Justice for All: New Rochelle to implement body cameras in new phase of policing
The New Rochelle Police Department expects to implement a body camera program this summer.
Deputy Police Commissioner Rob Gazzola, who will become the department’s commissioner in July, said police just purchased 150 body cameras which will be worn by uniformed officers.
He said turning the devices on and off is simple, implementing a program is much more complicated.
"It’s when you record, how you record, the length of the recording, when to stop recording which is crucial,” he said. “In policing nowadays you don’t want officers to stop recording into the incident."
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Many police departments are now implementing body camera programs in the wake of the Black Lives Matter movement.
In New Rochelle, some community members called for more transparency and police accountability following the fatal officer-involved shooting of Kamal Flowers last summer.
Part of the incident was captured on grainy video from a nearby building.
A grand jury declined to indict the officer involved.
In February, the city finalized a police reform plan calling for the implementation of a body camera program.
"I think it will go a long way in helping explain better what we do when we interact with our communities” said Gazzola.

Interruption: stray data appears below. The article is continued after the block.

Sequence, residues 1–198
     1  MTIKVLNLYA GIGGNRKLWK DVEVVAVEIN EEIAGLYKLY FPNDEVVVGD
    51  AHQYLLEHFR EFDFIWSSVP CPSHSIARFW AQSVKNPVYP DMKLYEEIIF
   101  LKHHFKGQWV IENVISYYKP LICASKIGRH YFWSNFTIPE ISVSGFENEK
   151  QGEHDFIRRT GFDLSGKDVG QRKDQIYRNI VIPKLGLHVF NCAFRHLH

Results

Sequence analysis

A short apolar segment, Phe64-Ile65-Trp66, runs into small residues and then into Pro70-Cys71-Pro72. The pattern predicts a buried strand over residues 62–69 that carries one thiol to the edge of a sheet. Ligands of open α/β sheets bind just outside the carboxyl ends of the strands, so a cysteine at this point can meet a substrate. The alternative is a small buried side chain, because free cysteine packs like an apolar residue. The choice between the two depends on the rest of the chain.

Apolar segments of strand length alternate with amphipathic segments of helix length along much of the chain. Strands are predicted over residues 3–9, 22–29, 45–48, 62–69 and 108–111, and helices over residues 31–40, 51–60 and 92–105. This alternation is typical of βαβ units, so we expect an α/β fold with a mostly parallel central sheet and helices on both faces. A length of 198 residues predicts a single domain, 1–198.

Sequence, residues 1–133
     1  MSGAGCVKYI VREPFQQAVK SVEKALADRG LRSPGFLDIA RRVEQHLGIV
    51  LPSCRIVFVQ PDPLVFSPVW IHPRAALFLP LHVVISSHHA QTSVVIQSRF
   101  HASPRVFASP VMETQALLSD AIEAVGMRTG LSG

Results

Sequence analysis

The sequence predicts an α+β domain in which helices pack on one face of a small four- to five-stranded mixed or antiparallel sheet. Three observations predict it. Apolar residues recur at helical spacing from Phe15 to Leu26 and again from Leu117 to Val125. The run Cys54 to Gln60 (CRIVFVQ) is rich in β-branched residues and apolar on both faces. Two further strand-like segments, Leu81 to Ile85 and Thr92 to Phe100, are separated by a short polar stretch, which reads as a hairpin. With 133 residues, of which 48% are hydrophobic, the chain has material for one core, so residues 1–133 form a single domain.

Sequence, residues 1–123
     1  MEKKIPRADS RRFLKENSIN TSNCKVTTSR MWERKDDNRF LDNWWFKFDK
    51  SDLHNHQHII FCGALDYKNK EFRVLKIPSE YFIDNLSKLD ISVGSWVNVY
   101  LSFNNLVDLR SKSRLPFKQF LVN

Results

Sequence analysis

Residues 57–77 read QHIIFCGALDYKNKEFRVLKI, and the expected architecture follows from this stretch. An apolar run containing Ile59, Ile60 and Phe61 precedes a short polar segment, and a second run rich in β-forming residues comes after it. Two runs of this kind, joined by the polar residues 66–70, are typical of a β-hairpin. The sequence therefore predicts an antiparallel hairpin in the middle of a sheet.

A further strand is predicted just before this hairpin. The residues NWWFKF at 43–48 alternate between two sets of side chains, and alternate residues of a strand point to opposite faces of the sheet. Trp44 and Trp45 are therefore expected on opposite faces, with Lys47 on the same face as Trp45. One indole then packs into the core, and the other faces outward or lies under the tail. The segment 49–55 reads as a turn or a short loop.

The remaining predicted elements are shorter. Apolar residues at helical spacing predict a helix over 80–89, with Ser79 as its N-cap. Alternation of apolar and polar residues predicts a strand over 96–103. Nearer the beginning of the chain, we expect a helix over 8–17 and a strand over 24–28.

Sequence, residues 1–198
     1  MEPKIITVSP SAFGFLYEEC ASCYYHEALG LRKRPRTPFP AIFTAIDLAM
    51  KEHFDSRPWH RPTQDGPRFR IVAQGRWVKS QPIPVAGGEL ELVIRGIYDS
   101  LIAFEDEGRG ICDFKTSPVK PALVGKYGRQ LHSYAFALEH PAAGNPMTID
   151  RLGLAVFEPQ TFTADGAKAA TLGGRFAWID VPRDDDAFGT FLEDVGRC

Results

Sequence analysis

The department has been considering implementing the technology for years, exploring the idea during a pilot program back in 2015.
"At the time the city council decided to not go forward with the program, it was really more for the expense," said Gazzola.
Body cameras are the least expensive component, costing $500-$700 each.
Gazzola says storing the footage is costly.
New Rochelle Police’s body camera program will cost $381,271 the first year, and $201,379 annually after that.
The department received a $250,000 state grant to help offset the cost of implementing the program the first year.
There is also the issue of turning over footage connected to a criminal case to the Westchester District Attorney’s Office.
“If we record an incident, not all of the video is going to be evidence,” Gazzola explained.
The department added a discovery unit in January 2020 after the state passed criminal justice reform laws requiring police to turn over evidence to defense attorneys sooner.
That five person team will now be responsible for sorting video captured by officers.
Undercover officers will not be required to wear body cameras.
Text and reporting by Nadia Galindo